My name is Lauren, and it has been 125 days since my last drink.
This sobriety, however significant, was not intentional. I did not wake up after a hard night on the negronis swearing to never drink again. This was not a Dry July challenge with a clear beginning and end. This – now four months with nothing harder than a Schweppes No Sugar Tonic Water – was a slow change, in fact, so slow and subtle that it took me two months to realise I’d gone eight weekends without booze.
If you had met me this time last year you would have met a champion drinker. Indeed, a friend once told me, “You’re a good drinker,” which, being the type-A people pleaser I am, I took as a compliment and badge of honour, though I’m not really sure if it was intended that way.
Nevertheless, I was a good drinker. I was the first to suggest a bottle of champagne, whether in times of celebration or sadness. I loved red wine, I loved white wine. I loved negronis and martinis. I loved beer. I could totally go for a whisky at the end of a great night out. I did not discriminate, I was an equal opportunity drinker. During last year’s COVID lockdown, while other people were perfecting their sourdough and crochet, I joined a natural wine subscription service. How cultured, I thought.
I was the first to suggest a bottle of champagne, whether in times of celebration or sadness.
But even as those six bottles arrived each month, something was changing. For years now I have read every first-person column about giving up alcohol, intrigued by this decision and wondering exactly how one made it – and stuck to it.
Right before lockdown, I read about mindful drinking on this very website and definitely, absolutely very much thought about perhaps – one day – giving it a go and drinking less.
Back then, I could not fathom complete sobriety. I certainly liked the idea of cutting down. I imagined a future Lauren, pure, wise and sensible, like a chic Parisian woman with a capsule wardrobe who is able to simply stop drinking after one glass of champagne, or Gwyneth Paltrow with her single weekly cigarette.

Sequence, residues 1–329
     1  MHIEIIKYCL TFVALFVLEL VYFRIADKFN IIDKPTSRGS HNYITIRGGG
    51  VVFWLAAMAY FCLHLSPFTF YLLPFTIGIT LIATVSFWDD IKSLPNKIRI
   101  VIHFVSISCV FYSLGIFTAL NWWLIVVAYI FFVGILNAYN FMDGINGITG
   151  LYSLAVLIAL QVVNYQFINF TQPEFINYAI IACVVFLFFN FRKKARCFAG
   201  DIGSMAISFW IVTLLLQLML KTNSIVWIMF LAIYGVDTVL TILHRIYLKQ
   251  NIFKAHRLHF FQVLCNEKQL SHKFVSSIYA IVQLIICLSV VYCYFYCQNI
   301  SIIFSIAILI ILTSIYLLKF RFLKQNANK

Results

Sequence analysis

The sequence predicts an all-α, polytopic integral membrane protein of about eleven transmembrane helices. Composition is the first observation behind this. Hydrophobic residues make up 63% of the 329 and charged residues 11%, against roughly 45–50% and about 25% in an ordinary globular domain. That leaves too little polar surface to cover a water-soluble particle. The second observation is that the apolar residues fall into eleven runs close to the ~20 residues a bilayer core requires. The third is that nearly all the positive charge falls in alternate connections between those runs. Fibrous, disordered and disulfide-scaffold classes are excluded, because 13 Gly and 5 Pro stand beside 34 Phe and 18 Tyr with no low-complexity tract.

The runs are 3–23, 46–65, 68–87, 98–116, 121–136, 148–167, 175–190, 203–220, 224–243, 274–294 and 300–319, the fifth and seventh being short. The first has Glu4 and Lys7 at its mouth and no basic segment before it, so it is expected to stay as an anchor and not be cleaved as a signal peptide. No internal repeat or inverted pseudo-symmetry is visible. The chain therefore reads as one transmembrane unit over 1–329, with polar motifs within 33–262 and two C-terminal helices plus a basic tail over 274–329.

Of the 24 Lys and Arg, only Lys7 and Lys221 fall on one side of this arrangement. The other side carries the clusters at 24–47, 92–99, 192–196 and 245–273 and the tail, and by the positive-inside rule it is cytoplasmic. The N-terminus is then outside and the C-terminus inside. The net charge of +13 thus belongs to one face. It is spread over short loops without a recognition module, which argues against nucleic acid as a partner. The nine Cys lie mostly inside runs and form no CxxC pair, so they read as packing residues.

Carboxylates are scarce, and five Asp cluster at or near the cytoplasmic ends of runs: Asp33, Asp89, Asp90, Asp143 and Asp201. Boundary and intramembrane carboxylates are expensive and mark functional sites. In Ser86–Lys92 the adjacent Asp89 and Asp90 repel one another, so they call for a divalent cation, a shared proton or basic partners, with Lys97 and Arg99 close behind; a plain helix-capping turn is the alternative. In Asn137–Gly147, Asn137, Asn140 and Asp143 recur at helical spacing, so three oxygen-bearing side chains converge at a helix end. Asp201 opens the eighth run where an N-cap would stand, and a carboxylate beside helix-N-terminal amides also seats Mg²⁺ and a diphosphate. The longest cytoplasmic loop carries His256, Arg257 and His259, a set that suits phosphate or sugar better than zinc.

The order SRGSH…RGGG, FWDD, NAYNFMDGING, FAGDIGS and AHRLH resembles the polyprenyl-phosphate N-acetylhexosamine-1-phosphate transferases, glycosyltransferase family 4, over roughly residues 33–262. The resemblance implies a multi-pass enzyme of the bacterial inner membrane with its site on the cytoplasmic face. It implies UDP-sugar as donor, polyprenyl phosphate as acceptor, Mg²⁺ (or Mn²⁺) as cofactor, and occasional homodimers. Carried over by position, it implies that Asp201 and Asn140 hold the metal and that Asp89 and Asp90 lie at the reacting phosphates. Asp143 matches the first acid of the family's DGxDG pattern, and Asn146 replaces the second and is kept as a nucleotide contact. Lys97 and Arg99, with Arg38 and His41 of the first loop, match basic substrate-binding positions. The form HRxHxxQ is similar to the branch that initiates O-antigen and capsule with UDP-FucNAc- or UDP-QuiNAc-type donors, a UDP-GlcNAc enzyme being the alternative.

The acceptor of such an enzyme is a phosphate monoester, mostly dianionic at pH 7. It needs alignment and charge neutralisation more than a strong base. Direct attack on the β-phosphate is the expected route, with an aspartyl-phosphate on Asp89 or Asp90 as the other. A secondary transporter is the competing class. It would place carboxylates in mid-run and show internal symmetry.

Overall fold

A seed had been planted. But it took some time before I stopped altogether. Before Christmas, I went away with a group of friends and our combined 26 children. I took a picture of our wine fridge – packed with around 40 bottles of truly excellent booze – and posted it to Instagram, asking if it would be enough for three nights and close to thirty children. No was the resounding reply. We didn’t make it through all the wine. But we got close.
But something changed. I started running. A lot. As the sweat poured out of me and I began to feel, for the first time, runner’s high (yes, it’s real, and it’s spectacular), I wanted to run every morning, for 13 and 14 and 15 kilometres. And so I stopped drinking when I wanted to run, which turned out to be quite a lot of the time.
Next came work events. I am the fashion editor for a major national newspaper; there is almost always a glass of champagne in my line of sight.
But at the start of 2021, I made a decision: no more day drinking. Lunches that began with cocktails and ended with reds were out. I wanted to be able to go back to the office and work, rather than count down the clock.
And it was surprisingly easy to say no. I discovered that I was not Gwyneth Paltrow, I could not stop at one. But what I was good at was saying no altogether. I continued to meet publicists for lunch, I kept going to work events. But I could walk back to my office clear-headed and ready to finish my work for the day. I could go home to my family and make dinner.
And then it simply snowballed. I stopped thinking about having a gin and tonic at 5pm (or, if I am more honest, 4pm) on a Friday. I stopped mentally adding a wine to dinner plans. I went out with friends and did not drink.
And… nothing happened. I had fun. I had great conversations. And I woke up the next morning, able to run and lift weights and eat a breakfast that was not comprised of bacon and eggs. I knew that moderation was trickier for me than simply abstaining. And so, I abstain. My Catholic high school teachers would be so very proud.
I am no paragon of virtue; far from it. And if you had told me last year that I’d be able to last four months – and counting – off the sauce, I would have been very, very confused. Perhaps you had mistaken me for someone else.
I’m not sure exactly what clicked into place this year – Caitlin Moran, in her last book, More Than A Woman, wrote about simply having had her lifetime fill of alcohol by the time she reached her 40s. I’m younger than that but certainly, I’ve had my fair share. Maybe I too have hit my limit. It’s not to say I won’t drink again – perhaps I will.
But I truly can say, hand on heart, that I do not miss it.
I do not miss waking up with a foggy head, I do not miss wondering exactly what I said after four glasses of semillon. I do not miss feeling simultaneously bloated and ravenous. But I also don’t miss the great bits about drinking – the buzz of the first few sips of champagne, the loosening of inhibitions, the bourgeois hobby of matching food to wine. I cannot say exactly why. But I suspect it has something to do with the fact that for me, the benefits of drinking never really outweighed the positives.
It just took about 18 years for me to realise.